Prior to the 1960’s the word environment essentially meant very little to people. For the most part pollution and the link between human activity and the weather was not the subject of public concern or knowledge. For anyone that has seen the Crown they will be familiar with Winston Churchill’s initial refusal to take accountability during the 1952 fog that killed 4000 people. At the time it was incomprehensible to him and many others that burning coal could cause changes in the physical environment that could prove deadly.
Rachel Carson’s New York Times best selling book Silent Spring was the catalyst for the modern environmental movement. It highlighted the threats posed to living organisms, the environment and the links between pollution and public health. The book shocked people across the world out of their collective stupor and propelled them into action.
On the 22nd of April 1970 20 million Americans took to the streets across the United States to rally against oil spills, pollution, the degradation of natural resources, the carelessness of corporations and the extinction of wildlife. It seems almost incomprehensible now that in a pre internet era young people were able to mobilise on such a significant scale and be the driving force for change. The movement placed environmental concerns on the national and international political agenda and led to a slew of legislation designed to protect the environment and curtail pollution.
Nearly 50 years later earth day has become the largest secular observance in the world, celebrated by over a billion people worldwide. This year’s earth day theme is about reducing plastic pollution. We dump 19.4 billion pounds of plastic into the ocean each year. Ocean currents congest this waste into huge piles. The plastic is broken down into smaller and smaller pieces and ingested by marine life which can be fatal. Some predict that by 2050 there will be more plastic in the ocean than fish.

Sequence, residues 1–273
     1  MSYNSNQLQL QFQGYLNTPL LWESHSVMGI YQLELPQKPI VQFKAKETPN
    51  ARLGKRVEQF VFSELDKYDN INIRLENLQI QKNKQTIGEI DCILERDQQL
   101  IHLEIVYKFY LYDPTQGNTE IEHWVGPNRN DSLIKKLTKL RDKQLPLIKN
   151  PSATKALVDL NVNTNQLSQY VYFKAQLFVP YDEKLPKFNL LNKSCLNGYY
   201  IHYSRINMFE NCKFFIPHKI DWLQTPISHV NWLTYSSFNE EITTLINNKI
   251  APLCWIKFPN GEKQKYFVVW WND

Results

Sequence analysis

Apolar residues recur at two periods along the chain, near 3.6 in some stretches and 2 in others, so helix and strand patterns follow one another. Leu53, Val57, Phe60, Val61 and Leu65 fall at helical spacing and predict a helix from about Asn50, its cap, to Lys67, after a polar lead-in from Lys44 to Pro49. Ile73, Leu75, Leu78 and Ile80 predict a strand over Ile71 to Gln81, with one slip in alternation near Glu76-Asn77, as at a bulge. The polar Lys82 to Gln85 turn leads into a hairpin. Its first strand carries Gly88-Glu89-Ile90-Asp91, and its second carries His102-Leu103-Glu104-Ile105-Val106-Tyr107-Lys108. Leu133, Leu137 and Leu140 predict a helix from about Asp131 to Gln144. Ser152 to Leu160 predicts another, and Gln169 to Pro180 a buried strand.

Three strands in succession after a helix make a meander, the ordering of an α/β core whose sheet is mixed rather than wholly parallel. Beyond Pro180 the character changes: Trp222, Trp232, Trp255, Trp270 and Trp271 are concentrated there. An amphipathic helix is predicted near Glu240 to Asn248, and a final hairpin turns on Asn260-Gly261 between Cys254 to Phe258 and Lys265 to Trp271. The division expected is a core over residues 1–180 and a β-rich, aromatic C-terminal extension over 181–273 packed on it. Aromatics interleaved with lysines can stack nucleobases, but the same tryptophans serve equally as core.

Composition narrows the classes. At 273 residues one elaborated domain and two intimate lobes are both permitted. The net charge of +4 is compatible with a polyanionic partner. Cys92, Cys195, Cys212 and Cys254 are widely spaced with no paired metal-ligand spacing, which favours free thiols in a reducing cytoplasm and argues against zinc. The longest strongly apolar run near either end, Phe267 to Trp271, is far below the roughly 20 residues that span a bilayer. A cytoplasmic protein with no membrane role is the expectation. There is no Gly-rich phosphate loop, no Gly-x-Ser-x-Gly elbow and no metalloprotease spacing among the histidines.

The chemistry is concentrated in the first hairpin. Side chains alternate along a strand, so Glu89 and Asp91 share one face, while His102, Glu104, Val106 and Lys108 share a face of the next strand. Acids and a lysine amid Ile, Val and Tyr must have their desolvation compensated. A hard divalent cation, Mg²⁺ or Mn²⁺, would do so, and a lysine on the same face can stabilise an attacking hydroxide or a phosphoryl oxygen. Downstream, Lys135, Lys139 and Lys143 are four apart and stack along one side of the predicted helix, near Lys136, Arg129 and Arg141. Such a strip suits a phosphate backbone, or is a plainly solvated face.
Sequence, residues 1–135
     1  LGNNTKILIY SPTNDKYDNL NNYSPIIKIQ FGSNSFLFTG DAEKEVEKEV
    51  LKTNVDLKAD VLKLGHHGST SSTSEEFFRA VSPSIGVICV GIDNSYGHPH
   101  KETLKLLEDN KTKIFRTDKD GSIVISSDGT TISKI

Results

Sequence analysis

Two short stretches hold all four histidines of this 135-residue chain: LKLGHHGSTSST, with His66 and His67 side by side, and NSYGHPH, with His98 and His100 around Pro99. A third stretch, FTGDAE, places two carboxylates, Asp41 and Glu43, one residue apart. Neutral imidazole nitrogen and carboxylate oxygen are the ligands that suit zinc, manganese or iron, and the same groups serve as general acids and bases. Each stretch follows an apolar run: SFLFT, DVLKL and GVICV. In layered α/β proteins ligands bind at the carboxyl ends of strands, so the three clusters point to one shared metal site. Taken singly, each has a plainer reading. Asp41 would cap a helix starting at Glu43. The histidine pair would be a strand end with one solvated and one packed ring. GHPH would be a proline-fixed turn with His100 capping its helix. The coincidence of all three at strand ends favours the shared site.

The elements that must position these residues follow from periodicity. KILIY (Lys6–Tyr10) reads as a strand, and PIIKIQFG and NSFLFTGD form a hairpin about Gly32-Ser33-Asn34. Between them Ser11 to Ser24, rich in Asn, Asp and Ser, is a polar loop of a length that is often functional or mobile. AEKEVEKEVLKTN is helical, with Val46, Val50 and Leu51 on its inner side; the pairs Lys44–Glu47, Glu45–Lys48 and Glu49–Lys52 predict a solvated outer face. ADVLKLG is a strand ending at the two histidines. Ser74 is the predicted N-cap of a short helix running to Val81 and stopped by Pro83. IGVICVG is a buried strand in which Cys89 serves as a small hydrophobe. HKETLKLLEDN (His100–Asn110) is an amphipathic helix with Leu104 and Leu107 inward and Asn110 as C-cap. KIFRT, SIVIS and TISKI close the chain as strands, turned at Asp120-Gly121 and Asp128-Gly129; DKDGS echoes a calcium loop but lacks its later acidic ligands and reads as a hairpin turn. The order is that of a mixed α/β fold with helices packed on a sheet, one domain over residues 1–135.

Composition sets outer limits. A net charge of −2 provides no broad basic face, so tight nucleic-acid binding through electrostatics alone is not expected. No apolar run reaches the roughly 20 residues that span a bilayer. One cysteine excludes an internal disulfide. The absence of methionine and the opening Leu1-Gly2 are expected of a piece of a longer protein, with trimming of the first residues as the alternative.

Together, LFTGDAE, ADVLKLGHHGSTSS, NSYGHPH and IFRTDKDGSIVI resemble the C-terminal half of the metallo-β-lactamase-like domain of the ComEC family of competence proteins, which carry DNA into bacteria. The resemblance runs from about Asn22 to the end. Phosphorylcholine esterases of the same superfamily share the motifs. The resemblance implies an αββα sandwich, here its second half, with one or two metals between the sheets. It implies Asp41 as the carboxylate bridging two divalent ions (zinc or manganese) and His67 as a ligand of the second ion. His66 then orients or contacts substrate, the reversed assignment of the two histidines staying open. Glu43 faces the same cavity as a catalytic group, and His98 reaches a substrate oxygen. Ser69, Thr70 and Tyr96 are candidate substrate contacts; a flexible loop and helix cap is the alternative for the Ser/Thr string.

Since 1970 our population has nearly doubled therefore our level of plastic waste is estimated to increase. It’s vital that each of us as individuals make a concerted effort to reduce the amount of plastic waste we produce. There are simple things that each of us can do in our everyday lives like reducing our single use plastic items. Just by remembering to bring our own reusable grocery bag, water bottle and coffee cup can make a significant difference in the amount of waste we produce. Changing to a bamboo toothbrush instead of a plastic one and using a menstrual cup instead of tampons and pads which come with a lot of plastic packaging can also make a truly profound difference to our level of plastic pollution.
The clothes we buy are of course also vital in the quest for sustainable living. The fashion industry is highly pollutive, in fact it is the second most pollutive industry in the world behind oil. This is primarily related to the shipping of garments from one continent to another across different stages of the supply chain. Many of the brands sold on ethi are making a concerted effort to change this and are taking tangible steps to mitigate the level of waste production and curb the trend of environmental degradation. By choosing to buy products sold on ethi you are supporting the environment and moving away from wasteful consumption patterns.
The message of earth day should resonate now more than ever. Our earth is in more dire strains than it has ever been before. We as individuals and consumers can each be instruments of change and push for a more sustainable and progressive way of living.
Written by Claire Poulton